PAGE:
1. Consequence of the Six- Day war
It’s easy to forget how bitter the policy debate in the USA was over Palestine in the 1940s; on the one side were thepro-Zionists in the domestic political arena, on the other, the Executive Branch officials concerned with the global and regional implications of a US- supported Jewish state. The American support for Israel, really start since the Israeli victory over the Arabs army. When the war began, the State Department announced: "Our position is neutral in thought, word and deed."17. Moreover, while the Arabs werefalsely accusing the United States of airlifting supplies to Israel, Johnson imposed an arms embargo on Israel and pro-Western Arab states (France, Israel's other main arms supplier, also embargoed arms to Israel). The US even had expressed a desire to enter into some sort of regional arms limitation agreement with the Soviet Union. On 19 June 1967, Johnson himself made Middle Eastern arms control,including a UN registry, one of his five principles for a comprehensive Arab-Israeli settlement. Receiving no enthusiastic feedback from the Soviet and fearing that the pro-Western Arab states would turn to the Soviet Union to fill their weapons requirement, Johnson administration put an end to the American embargo in late October.
Since the 1950s, the Soviet policy in the Middle East wasclearly shifting toward the Arabs. In most of the interpretations, it was the active Soviet support of the Arabs after 1955 that introduced the cold war into the Arab-Israeli conflict and created a potential superpower confrontation. However, the Soviets role in the 1967 Six-Day War can be seen as an unintended consequence of its deepening commitments to Egypt and Syria. They were worry about an Israeliattack so they wanted to force Egypt to help defend Syria. While the Soviet were unhappy with Syrian support of the Palestinian guerilla movement, they were determined to protect the Syrian government- and later the Nasser regime in Egypt- from a complete military defeat that would not only be another humiliation for Soviet arms and credibility as an ally, but might lead to the collapse of theirmajor Arab allies; Soviet expulsion from Egypt, Syria, and perhaps elsewhere in the Middle East; and the unilateral domination of the area by the United States. In this respect, the Soviet motivation can be seen as essentially defensive and its intention was to deter war, not to provoke it.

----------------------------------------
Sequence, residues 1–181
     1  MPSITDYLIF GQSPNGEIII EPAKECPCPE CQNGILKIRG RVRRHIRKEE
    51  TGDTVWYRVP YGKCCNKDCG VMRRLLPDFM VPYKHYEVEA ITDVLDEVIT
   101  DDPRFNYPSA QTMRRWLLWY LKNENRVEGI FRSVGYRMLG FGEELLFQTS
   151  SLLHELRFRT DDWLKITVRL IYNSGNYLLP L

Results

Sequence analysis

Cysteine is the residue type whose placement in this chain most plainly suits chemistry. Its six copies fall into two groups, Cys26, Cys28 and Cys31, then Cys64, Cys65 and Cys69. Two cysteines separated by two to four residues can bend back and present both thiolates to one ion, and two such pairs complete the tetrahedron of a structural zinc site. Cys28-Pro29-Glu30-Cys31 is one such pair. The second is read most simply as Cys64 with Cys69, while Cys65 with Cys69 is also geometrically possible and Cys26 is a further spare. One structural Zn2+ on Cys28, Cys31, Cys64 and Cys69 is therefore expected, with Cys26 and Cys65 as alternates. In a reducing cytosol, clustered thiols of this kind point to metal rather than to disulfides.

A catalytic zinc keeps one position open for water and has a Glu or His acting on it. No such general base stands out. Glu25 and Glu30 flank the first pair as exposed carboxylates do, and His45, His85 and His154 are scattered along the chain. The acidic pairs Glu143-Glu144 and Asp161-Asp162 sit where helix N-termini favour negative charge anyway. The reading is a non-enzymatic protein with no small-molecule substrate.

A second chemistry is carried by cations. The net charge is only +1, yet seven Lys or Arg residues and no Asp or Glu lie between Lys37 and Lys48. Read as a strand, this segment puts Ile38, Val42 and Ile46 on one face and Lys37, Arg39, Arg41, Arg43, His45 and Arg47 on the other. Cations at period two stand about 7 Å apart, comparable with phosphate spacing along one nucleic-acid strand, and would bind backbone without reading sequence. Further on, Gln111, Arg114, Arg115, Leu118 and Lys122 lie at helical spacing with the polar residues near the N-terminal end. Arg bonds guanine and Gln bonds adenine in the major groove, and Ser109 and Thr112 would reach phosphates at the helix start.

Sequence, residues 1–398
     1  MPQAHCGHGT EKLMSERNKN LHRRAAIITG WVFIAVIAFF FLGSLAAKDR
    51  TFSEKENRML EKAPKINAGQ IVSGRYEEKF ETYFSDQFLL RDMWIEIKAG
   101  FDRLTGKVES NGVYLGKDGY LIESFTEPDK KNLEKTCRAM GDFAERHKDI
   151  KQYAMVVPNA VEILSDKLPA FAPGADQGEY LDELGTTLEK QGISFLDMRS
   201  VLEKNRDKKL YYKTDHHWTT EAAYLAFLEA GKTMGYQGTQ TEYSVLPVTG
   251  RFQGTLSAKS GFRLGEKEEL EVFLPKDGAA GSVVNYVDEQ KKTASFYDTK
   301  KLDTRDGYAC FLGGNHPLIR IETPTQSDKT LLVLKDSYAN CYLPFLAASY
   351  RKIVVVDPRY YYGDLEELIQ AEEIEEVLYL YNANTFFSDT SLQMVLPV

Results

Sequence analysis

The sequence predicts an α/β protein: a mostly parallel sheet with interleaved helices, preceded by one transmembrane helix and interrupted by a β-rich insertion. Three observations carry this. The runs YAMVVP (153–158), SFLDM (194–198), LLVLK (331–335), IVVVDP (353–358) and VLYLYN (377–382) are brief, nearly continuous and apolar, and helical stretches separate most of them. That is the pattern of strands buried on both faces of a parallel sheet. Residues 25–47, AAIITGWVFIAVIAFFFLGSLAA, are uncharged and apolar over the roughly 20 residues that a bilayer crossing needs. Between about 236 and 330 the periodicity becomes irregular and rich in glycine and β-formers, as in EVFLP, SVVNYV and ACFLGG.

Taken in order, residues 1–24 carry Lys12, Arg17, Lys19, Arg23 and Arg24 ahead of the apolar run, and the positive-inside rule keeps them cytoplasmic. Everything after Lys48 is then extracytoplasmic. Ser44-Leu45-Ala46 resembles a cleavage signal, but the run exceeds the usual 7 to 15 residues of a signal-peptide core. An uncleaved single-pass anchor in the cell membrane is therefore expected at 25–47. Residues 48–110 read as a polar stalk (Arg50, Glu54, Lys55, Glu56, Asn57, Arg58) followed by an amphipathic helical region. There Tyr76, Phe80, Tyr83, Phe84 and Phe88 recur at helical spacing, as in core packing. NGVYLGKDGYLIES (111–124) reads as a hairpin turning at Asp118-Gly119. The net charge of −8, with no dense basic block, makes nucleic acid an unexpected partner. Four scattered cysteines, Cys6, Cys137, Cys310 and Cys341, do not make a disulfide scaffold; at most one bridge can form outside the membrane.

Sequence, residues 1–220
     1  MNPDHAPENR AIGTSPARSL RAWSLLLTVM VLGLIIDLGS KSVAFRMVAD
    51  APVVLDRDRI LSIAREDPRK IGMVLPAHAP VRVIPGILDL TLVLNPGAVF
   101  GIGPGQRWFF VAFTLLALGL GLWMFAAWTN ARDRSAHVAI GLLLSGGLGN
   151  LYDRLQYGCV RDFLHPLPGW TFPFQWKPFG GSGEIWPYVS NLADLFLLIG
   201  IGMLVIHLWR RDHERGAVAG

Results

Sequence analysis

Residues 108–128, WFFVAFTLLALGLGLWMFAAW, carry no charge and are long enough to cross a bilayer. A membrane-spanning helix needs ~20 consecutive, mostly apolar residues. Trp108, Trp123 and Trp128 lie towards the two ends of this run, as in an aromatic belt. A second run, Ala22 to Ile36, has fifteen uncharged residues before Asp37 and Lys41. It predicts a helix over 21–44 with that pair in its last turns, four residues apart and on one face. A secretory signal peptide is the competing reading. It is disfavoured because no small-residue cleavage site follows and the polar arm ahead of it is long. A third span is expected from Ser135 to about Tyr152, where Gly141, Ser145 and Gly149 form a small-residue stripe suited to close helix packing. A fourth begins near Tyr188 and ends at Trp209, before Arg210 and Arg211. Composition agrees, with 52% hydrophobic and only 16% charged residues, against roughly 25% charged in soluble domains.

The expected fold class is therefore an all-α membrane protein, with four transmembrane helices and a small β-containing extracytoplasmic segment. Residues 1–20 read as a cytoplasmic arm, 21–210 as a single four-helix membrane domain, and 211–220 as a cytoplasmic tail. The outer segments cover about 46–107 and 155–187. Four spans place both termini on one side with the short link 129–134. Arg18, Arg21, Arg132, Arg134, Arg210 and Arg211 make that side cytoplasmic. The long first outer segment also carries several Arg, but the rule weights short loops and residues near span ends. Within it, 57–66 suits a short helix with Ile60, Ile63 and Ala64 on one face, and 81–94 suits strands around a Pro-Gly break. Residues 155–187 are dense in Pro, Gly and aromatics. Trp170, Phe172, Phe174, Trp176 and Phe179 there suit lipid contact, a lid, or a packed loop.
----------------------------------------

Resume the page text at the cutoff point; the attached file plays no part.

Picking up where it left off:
The Six Day war created a new reality for Israel, in that the US slowly and reluctantly came to view...